Definition of bullock in English:



  • A male domestic bovine animal that has been castrated and is raised for beef.

    • ‘A heavy penalty for cattle over 30 months is commencing to bite into the prices at the marts for finished beef animals - both bullocks and heifers.’
    • ‘In the beef trade, the official returns for last week have shown little change in the average prices for bullocks and heifers, but some low prices are being paid at the bottom of the league for both categories.’
    • ‘Official factory prices for beef last week show there was very little change from the previous week for bullocks or heifers, with just a slight firming of the prices by less than a half penny per lb in most categories.’
    • ‘The punched out bullocks are continuing to sell well while the forward quality bullocks and heifers are also continuing to meet with strong demand.’
    • ‘Fancy prices were paid for heavy beef bullocks.’
    • ‘There was very little difference in the top prices being paid for beef bullocks and heifers at Kilkenny Mart where there were over 1,200 head on offer.’
    • ‘Beef bullocks were up 10 / head and store heifers were dearer by 10-15 / head.’
    • ‘At Kilkenny Mart beef and store bullocks were back by £10 / head for the quality animals with the plainer lots making up to £30 / head less than the previous week.’
    • ‘And they rear bullocks to beef, selling their heifers at around 18 months.’
    • ‘There was also a bigger sale at Bandon Mart yesterday, where the trade for bullocks was maintained, heifer prices improved and dry cows also traded well.’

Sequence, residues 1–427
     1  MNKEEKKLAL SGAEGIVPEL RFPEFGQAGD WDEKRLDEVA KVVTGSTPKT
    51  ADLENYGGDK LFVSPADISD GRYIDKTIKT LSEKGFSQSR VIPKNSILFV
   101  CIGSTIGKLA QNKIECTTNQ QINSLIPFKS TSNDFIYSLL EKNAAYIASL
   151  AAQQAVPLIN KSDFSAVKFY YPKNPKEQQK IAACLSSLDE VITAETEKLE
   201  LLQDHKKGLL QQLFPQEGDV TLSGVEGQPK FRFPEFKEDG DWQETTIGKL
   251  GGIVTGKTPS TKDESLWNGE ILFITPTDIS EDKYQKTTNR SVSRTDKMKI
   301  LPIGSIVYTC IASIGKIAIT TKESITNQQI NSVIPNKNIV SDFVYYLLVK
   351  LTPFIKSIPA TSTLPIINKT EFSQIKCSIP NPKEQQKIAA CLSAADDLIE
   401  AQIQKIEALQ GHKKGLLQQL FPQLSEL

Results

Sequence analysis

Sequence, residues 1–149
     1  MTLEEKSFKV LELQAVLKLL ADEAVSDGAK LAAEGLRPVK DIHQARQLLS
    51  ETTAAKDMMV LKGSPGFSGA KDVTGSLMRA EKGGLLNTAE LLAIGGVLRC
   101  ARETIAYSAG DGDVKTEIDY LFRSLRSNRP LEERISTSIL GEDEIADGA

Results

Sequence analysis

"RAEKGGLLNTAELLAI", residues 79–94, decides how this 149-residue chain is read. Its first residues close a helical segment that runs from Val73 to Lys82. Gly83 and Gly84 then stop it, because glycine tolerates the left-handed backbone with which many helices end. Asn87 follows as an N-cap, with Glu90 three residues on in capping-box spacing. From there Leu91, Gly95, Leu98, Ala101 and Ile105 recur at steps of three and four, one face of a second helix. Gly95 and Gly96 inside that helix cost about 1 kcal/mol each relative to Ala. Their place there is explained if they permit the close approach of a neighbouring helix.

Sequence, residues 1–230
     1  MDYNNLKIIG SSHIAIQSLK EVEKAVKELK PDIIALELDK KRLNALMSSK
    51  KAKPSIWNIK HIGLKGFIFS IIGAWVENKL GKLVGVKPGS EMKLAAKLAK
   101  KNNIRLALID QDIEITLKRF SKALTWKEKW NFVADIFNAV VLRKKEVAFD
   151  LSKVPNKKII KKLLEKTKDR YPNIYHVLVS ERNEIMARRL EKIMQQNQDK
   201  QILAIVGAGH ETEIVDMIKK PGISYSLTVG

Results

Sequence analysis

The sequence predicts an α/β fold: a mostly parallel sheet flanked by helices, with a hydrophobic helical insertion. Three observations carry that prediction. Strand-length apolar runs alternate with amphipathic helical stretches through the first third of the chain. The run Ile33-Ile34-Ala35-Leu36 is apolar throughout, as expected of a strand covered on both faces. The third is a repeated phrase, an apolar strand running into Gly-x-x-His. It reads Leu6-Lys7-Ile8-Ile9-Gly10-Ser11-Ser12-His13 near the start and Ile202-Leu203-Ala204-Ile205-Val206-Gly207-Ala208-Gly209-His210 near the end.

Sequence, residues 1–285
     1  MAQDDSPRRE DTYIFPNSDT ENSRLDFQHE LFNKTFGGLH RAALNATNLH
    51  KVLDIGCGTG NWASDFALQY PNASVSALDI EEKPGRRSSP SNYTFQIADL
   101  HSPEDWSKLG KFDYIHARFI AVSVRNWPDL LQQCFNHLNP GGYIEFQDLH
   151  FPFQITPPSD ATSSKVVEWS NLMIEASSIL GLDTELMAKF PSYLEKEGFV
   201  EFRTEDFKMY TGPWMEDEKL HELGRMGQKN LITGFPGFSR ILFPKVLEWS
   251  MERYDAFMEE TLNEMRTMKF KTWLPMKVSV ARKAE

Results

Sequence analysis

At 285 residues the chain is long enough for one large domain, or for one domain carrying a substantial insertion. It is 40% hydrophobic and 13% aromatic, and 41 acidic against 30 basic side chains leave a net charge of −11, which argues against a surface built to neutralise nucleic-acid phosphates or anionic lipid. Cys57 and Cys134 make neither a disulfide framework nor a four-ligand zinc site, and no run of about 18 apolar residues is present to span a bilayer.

• ‘Four girls taking a stroll discovered the bullock and raised the alarm by going to the nearby Tyersal Hall Farm.’
    • ‘A national average of 91.5c/lb was paid for R4L bullocks, while R4L heifers averaged 92.3c/lb.’
    • ‘Blessington heavy beef bullocks with all premia drawn were improved by 40-50 / head.’
    • ‘The decline in prices for bullocks and heifers eased with the mean for R4L down 5c/kg.’
    • ‘It was in such buildings, cluttered with farm implements, that Alf would operate on large animals or test unruly bullocks for TB.’
    • ‘There was further upward movement in beef prices at factories last week, particularly in the return for poorer grading animals and more in favour of heifers than bullocks.’
    • ‘Lower throughput did not ease the pace of price reduction, which was maintained, with a further 1p/lb knocked off the average paid for R3 bullocks and heifers.’
    • ‘Camels, elephants and regular drought animals like the bullocks also are brought on to roads to draw the attention of voters.’
    • ‘They brought with them 350 ewes, 45 wethers, ten bullocks, six heifers, one bull, four horses, and a number of goats and some poultry.’
    • ‘The intake of bullocks at the beef factories to date is down 8% - a drop of 36,000.’


[NO OBJECT]Australian, NZ
  • Work long and hard.

    ‘people have dropped dead bullocking their guts out’
    • ‘A man of untiring energy, he "bullocked" along.’
    • ‘if you take a selector who has bullocked all his life to raise crops on dusty, stony patches in the scrubs, and put him on land where there's plenty of water and manure, he's apt to get disheartened.’
    work hard, labour, work one's fingers to the bone, work like a trojan, work like a dog, work day and night, exert oneself, keep at it, keep one's nose to the grindstone, grind away, slave away, grub away, plough away, plod away
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Late Old English bulluc, diminutive of bula (see bull). The verb ( late 19th century) is by association with a bullock's use as a draught animal.